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Demand for chocolate creates shortage
Nov 18, 2014 8:33 AM
By FOX 10 News Staff
The world’s biggest chocolate maker said we could be running out of
chocolate. Part of the problem they say is supply and demand. There is more consumption of chocolate and cocoa growers cannot keep up.
Chocolate comes from cacao trees that grow best near the equator in West Africa where 70% of the world’s supply comes from.
Two of the biggest producers include the Ivory Coast and Ghana. A drought and a fungus have decreased production in the region as well. In the past two years, the price of cocoa has jumped 60%.
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1. Assume that chocolate operate in a perfectly competitive market, use a well-labelled demand and supply (D-S) model to explain how market equilibrium price of chocolate is being determined. Please clearly explain the calibrating process.
2. Using the D-S model, explain and illustrate what factors have caused the market price for chocolate to rise in the past two years. Clearly explain the calibrating process.
3. What will happen to the market for other confectioneries/sweets as a result of the changes in the market price of chocolate? Make sure to use D-S model to discuss the calibrating process.
4. Do you think the demand for chocolate is price elastic or price inelastic? Explain your answer based on the determinants of price elasticity of demand. Use your answer to discuss the likely impact of the drought on consumers’ total expenditure on chocolate.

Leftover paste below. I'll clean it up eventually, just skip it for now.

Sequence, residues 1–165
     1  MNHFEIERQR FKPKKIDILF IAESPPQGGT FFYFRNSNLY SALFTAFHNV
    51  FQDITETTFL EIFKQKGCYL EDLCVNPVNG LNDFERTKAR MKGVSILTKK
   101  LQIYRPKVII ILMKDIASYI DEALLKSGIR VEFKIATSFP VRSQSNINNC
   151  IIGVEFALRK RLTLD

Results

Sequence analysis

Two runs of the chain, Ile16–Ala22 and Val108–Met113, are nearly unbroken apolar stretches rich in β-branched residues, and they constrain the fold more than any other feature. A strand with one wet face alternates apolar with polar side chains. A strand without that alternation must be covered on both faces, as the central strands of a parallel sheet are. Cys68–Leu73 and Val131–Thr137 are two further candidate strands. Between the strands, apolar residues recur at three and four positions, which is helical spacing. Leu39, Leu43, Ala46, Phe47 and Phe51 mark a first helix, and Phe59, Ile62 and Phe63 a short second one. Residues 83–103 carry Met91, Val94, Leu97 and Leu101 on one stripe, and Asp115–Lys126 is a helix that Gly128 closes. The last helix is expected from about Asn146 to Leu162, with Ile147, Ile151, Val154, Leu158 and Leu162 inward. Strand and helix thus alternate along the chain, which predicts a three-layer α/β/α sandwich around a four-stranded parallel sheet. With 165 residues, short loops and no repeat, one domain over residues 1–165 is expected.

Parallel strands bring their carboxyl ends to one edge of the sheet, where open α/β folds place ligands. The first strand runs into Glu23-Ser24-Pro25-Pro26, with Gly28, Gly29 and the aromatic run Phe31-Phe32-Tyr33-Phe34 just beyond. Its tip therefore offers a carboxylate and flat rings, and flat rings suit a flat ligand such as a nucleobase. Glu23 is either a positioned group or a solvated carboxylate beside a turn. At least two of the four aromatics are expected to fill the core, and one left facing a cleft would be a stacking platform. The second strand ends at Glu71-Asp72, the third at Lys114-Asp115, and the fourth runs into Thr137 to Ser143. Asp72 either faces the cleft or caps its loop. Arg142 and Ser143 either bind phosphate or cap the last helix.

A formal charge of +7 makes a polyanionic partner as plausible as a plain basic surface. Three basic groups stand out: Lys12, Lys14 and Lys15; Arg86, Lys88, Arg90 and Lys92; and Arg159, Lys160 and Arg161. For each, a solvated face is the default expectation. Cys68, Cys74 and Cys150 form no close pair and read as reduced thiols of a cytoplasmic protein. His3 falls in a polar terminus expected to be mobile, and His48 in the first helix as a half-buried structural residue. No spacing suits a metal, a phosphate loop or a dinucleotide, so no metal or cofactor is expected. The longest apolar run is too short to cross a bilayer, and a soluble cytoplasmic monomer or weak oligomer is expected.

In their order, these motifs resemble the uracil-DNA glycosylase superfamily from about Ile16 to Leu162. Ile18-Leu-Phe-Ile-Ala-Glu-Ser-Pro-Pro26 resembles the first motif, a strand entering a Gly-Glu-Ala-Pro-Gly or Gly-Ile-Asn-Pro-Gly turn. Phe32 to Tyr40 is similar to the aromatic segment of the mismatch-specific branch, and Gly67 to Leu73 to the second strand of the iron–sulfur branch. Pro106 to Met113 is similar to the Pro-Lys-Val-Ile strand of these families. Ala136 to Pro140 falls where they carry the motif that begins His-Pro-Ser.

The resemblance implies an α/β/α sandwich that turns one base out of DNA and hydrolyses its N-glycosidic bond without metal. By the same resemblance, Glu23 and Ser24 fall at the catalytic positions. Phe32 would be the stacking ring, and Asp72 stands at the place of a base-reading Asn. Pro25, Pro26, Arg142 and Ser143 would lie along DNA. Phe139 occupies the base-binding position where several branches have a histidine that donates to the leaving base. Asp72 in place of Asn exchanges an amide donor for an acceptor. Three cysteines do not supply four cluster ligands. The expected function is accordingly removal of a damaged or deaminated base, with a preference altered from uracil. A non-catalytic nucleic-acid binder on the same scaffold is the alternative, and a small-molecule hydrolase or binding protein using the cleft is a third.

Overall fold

- We assume that the chocolate industry is perfectly competitive. A perfectly competitive market is characterised by a large number of buyers and sellers. The sellers are ‘price-takers’ and equilibrium is determined by the interaction of demand and supply.
In the Short-Run, the following conditions should hold at equilibrium:
- P(Price)=MC(Marginal Cost)=AC(Average Cost)
- MC intersects AC(Average Cost) from below.
Sellers can earn supernormal profits or incur losses in the short-run equilibria.
In the Long-Run, at equilibrium, P=Min point on LAC=LMC=AR=MR, i.e. the firms should earn an only normal profit.
The equilibrium in the market for chocolate has been arrived at in the following
The individual farmers face a perfectly elastic demand curve AR(Average Revenue) (Panels B and C), but the chocolate industry as a whole is a ‘price maker’ thus facing a downward-sloping demand curve as shown in panel (A).
In Panel (B), P>minimum point on AC and thus the cocoa farmer makes a supernormal profit. So, this is short-run equilibrium ‘H’ but not long-run equilibrium as then farmers will only earn normal profit. To take a share of this supernormal profit, other farmers enter the cocoa industry. This shifts the market supply curve (which is the positively sloped part of the MC curve above the minimum point of the AVC(Average Variable Cost) Curve of chocolate to the right (D K Sethi, 2014), thus pulling up price to P from the initial P’, whereby the farmers earn normal profit and reach long-run equilibrium. See Panel (A).
In Panel (C), P<minimum point on AC. Thus, the cocoa farmer incurs losses as average costs exceed the price, and even this is not a situation of long-run equilibrium. As production is reduced, the market supply curve shifts leftward, pushing down Price of chocolates to P, thus reaching long-run equilibrium as illustrated in Panel (A)……….
In Panel (A), we obtain the market equilibrium for chocolate at price=P and quantity of chocolate demanded and supplied equal Q…………
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